Spectator on facebook

Spectator on facebook

Portrait of Maria Theresa goes to Vienna

The painting of the ruler hangs in the Primate’s Palace.

Maria Theresa(Source: Courtesy of GMB)

The painting depicting Maria Theresa in her coronation apparel as Hungarian ruler will be exhibited in Vienna between June 29 and November 5 within the exhibition Maria Theresa and the Arts – In honour of the 300th Anniversary of her Birth. The exhibition will take place in the Österreichische Galerie Belvedere in the Austrian capital as part of the celebrations of the birth of this ruler and reformer.

“Lending the painting to Vienna is an honour for the city but also a good opportunity for promotion,” said Bratislava Mayor Ivan Nesrovnal. “Visitors to the Vienna exhibition will learn that this beautiful painting comes from Bratislava, a one time important coronation city. This will motivate them to come visit.”

The larger-than-life-size painting depicts the ruler in her coronation apparel and with Hungarian coronation insignia – i.e. crown, sceptre, and orb. It is the oldest portrait of Maria Theresa of this kind, from 1742. Later other painters also depicted the ruler in a similar way. A very similar painting is the portrait by Johann Peter Kobler and the painting is currently held at the Gӧdӧlȍ manor house .

Read also: Read also:Marking Maria Theresa

Maria Theresa was crowned in the St Martin Cathedral in Bratislava, then Pressburg, on June 25, 1741. She was the only woman crowned here in the manner of a “king”. This is because Esztergom Archbishop, Imrich Esterházy, placed the crown directly on her head and did not only touch her right shoulder with it as it was customary during the coronations of regal spouses. After the ceremony Maria Theresa granted her coronation apparel to the Church and it was later refashioned into liturgical apparel.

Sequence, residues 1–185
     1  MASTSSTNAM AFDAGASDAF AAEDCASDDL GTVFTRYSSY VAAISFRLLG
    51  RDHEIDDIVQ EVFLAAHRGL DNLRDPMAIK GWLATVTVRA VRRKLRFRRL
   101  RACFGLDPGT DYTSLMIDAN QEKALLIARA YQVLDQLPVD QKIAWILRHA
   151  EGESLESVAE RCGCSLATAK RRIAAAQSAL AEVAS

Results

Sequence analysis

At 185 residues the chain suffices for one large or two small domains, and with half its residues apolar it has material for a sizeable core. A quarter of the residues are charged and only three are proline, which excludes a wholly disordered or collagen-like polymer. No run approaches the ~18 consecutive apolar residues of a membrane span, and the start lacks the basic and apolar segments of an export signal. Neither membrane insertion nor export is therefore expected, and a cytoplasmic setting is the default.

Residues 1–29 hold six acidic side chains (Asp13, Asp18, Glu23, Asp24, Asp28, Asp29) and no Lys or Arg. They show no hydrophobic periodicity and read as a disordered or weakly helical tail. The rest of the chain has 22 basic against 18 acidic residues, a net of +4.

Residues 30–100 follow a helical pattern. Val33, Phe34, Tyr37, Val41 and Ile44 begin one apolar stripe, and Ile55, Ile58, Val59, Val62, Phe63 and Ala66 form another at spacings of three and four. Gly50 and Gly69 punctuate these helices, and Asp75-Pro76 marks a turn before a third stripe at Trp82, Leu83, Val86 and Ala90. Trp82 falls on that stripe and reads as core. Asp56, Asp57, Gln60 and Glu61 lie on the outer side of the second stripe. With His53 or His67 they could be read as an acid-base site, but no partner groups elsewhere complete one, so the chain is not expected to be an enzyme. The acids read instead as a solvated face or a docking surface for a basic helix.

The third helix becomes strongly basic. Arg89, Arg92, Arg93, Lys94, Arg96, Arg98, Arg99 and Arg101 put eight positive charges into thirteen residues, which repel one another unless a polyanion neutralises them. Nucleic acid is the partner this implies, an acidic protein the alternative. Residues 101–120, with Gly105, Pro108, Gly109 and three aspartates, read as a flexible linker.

The painting is a work by Daniel Schmidely (1705-1780) and it was commissioned by the then city council. Now it is under the ownership of the Bratislava City Gallery (GMB) and is exhibited at the Primate’s Palace on Primaciálne Square.

Those interested can see the painting during tours of the palace every day except Mondays from 10:00 until 17:00. The entrance fee is €3.

Topic: Bratislava


Top stories

What does a big fat Slovak wedding look like?

Eating cock meat or noodles with human milk used to be a part of a Slovak wedding, but to most couples today, having a candy bar or professional photographer is more important than observing traditions.

Illustrative stock photo

Spectacular Slovakia: Anti-Ottoman Bastion on film Video

Štiavnické Bane was the centre of the technical, cultural and religious education of the Austria-Hungary monarchy beginning in the 15th century.

The first Slovak satellite goes into orbit

After five years of construction, SkCUBE is ready to fly

Another salary negotiation at Volkswagen fails Photo

The strike continues, the representatives of the trade unions say it would be a mistake to give up.